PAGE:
Theodore Olson and David Boies, the high-profile lawyers representing two couples, told the appeals court that same-sex couples are being hurt every day Proposition 8 is enforced and should not be denied their civil rights while the ban’s sponsors pursue an appeal of this month’s decision overturning the 2008 measure that was approved in a referendum.

“Indeed, the only harm at issue here is that suffered by Plaintiffs and other gay and lesbian Californians each day that Proposition 8′s discriminatory and irrational deprivation of their constitutional rights remains in force,” the lawyers argued in a filing late Friday, Aug. 13.

Brown, who is the Democratic nominee for governor, said in a separate filing that there was no reason for the 9th Circuit to grant the emergency stay request because state and local agencies would suffer no harm by being required to sanction same-sex marriages. County clerks across the state already are gearing up to do so next week, he said.

The swiftly drafted legal papers came in response to efforts by same-sex marriage opponents to get the 9th U.S. Court of Appeals to block a lower court judge’s ruling striking down Proposition 8 as unconstitutional from taking effect this week. If the 9th Circuit refuses to intervene, it would clear the way for same-sex couples to marry starting after the close of business Wednesday, Aug. 18.

Protect Marriage, the coalition of religious and conservative groups that sponsored Proposition 8, has appealed U.S. District Judge Vaughn Walker’s Aug. 4 ruling that found the voter-approved law unconstitutional. After Walker said on Thursday, Aug. 12 that he planned to finalize his ruling on Wednesday at 5 p.m., the group’s lawyers asked the 9th Circuit to prevent any gay marriages while the appeal is pending.

They argued the appeals court should grant an emergency stay “to avoid the confusion and irreparable injury that would flow from the creation of a class of purported same-sex marriages.”

Depending on how the 9th Circuit rules, same-sex couples could get married in California as early as next week or they would have to wait while the appeal works its way through the court and potentially the U.S. Supreme Court as well.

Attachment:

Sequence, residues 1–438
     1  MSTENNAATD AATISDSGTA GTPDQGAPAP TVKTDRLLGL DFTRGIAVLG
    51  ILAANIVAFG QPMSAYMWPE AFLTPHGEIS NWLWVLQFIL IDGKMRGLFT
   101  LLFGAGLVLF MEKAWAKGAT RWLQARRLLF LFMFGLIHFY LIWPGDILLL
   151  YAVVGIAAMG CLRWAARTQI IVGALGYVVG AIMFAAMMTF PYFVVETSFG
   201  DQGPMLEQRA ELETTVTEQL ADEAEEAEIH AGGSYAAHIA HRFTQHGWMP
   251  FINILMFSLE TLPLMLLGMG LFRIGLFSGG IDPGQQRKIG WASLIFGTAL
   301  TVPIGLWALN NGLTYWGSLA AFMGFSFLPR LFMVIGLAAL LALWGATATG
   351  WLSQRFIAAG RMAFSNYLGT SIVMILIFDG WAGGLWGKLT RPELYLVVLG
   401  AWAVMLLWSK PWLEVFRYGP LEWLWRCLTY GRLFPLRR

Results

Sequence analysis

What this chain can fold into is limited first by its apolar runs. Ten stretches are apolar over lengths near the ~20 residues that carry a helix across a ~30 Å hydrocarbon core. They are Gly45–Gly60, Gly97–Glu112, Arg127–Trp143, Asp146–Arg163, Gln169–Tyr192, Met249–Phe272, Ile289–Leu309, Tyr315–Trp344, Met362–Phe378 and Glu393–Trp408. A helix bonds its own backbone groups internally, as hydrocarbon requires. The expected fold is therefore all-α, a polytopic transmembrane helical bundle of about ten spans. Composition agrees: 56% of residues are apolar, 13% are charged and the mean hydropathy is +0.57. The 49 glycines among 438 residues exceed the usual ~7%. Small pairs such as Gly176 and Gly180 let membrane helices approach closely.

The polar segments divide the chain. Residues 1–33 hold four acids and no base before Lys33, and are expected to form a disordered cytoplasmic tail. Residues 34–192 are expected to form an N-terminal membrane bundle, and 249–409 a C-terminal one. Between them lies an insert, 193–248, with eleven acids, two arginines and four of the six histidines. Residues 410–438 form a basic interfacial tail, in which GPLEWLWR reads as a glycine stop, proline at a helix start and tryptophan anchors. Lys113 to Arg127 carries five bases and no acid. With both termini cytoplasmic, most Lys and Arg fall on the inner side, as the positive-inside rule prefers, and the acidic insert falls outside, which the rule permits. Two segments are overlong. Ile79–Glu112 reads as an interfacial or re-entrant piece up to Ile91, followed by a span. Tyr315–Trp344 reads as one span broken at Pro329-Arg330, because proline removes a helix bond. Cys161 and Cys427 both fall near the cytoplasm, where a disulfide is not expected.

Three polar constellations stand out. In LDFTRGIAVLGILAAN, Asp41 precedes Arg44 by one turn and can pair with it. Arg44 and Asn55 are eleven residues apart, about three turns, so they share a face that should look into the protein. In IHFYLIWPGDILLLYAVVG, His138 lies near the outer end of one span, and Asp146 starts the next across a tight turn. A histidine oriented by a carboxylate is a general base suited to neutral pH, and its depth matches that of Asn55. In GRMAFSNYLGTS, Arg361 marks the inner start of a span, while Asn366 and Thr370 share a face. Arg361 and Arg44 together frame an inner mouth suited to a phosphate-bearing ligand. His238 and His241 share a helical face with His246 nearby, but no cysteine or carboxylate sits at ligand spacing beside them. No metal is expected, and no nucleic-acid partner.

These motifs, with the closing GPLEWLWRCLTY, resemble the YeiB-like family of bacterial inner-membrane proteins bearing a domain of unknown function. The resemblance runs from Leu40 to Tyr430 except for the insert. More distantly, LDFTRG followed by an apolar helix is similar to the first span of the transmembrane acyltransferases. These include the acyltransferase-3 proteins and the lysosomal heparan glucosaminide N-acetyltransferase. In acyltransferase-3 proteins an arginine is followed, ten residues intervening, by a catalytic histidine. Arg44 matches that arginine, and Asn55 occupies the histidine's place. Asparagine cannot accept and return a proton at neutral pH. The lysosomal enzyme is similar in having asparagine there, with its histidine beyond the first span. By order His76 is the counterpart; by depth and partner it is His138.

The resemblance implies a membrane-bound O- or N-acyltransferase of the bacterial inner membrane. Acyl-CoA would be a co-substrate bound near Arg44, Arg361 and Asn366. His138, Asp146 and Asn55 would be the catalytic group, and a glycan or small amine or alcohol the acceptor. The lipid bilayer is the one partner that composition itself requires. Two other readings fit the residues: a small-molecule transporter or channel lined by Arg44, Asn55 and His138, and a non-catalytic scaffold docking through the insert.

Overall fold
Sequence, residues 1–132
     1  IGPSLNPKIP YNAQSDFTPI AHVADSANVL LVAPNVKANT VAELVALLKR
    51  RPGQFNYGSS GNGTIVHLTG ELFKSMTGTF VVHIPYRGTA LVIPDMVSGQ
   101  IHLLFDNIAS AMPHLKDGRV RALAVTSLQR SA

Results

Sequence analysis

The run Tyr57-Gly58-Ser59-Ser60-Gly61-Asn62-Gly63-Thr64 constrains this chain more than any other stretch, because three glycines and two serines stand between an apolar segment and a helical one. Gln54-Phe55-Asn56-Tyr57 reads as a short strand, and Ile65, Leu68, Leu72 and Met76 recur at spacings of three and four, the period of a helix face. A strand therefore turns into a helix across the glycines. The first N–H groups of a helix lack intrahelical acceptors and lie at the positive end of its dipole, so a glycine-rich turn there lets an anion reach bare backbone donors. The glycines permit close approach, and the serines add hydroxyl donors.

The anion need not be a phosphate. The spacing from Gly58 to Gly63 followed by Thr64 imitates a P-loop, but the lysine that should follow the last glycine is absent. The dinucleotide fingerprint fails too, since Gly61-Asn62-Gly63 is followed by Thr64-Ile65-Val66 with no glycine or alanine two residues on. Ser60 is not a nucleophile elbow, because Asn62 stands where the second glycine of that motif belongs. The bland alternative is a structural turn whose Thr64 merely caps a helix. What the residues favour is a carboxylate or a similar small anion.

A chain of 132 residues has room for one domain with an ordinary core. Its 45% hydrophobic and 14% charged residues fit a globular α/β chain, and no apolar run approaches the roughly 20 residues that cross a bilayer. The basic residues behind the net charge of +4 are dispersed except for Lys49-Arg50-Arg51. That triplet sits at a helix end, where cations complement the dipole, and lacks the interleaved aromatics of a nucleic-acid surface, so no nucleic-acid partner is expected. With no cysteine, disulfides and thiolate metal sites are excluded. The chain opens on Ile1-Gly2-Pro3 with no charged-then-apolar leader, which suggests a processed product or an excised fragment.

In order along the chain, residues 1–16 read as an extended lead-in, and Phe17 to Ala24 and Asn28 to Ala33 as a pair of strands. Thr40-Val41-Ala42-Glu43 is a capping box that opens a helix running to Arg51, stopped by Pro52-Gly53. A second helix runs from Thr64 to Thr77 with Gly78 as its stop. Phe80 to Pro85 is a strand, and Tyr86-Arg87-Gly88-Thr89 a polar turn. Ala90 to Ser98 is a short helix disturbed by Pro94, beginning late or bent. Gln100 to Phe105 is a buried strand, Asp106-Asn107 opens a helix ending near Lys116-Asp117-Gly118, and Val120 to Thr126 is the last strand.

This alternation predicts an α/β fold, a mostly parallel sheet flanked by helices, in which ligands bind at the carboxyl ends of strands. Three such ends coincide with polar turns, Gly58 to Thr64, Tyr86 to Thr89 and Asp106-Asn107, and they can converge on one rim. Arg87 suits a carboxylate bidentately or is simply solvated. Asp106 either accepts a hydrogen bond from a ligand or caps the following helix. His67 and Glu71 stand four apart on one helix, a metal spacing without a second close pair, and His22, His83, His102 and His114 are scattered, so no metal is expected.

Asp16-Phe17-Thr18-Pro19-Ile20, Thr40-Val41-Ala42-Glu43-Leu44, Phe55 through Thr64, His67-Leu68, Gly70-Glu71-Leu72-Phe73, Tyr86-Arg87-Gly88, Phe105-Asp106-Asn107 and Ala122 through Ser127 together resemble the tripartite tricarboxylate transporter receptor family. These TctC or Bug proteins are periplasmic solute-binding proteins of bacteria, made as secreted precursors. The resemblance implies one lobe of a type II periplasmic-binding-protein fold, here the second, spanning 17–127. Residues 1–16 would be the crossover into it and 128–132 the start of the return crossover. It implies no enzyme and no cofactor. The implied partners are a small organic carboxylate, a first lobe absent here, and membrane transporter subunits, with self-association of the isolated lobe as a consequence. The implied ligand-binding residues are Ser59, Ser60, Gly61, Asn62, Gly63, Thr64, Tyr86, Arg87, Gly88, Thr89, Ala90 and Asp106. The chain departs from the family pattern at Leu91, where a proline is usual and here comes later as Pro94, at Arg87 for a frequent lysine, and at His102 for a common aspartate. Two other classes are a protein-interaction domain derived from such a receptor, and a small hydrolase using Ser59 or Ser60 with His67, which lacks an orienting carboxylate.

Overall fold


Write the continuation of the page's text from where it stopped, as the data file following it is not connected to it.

Walker, however, has expressed doubts over whether Protect Marriage has the right to challenge his ruling if neither the attorney general nor the governor elect to do so. Both officials refused to defend Proposition 8 in Walker’s court and have since said they see no reason why gay couples should not be able to get married now.

Although he allowed the group to intervene in the trial, the judge said the appellate court would have to make its own determination that same-sex marriage opponents would be injured if gay couples could wed, a claim Walker explicitly dismissed in his decision invalidating Proposition 8.

The ban’s backers addressed the potential for such a roadblock in their emergency stay request, saying California’s strong citizen initiative law permits ballot measure proponents to defend their interests if state officials will not.

“Proponents may directly assert the state’s interest in defending the constitutionality of its laws, an interest that is indisputably sufficient to confer appellate standing,” they said.

Theodore Boutrous, a lawyer with the legal team representing same-sex couples, said that keeping Protect Marriage from moving forward with an appeal was not necessarily the top priority of the plaintiffs.

“We believe that Chief Judge Walker’s ruling last week on the merits provides a powerful record on appeal, and we want the appellate courts to address the merits of Proposition 8,” Boutrous said. “The standing issue that Chief Judge Walker identified provides another potential weapon in our arsenal that will be part of the appellate arguments.”

California voters passed Proposition 8 as a state constitutional amendment in November 2008, five months after the California Supreme Court legalized same-sex unions and an estimated 18,000 same-sex couples already had married.

Five states — Massachusetts, Connecticut, Vermont, New Hampshire and Iowa — and the District of Columbia have legalized same-sex marriage. New York and Maryland recognize those marriages even though same-sex couples can’t wed within their borders. However, the federal government doesn’t recognize same-sex marriage, nor do the vast majority of states.

—  John Wright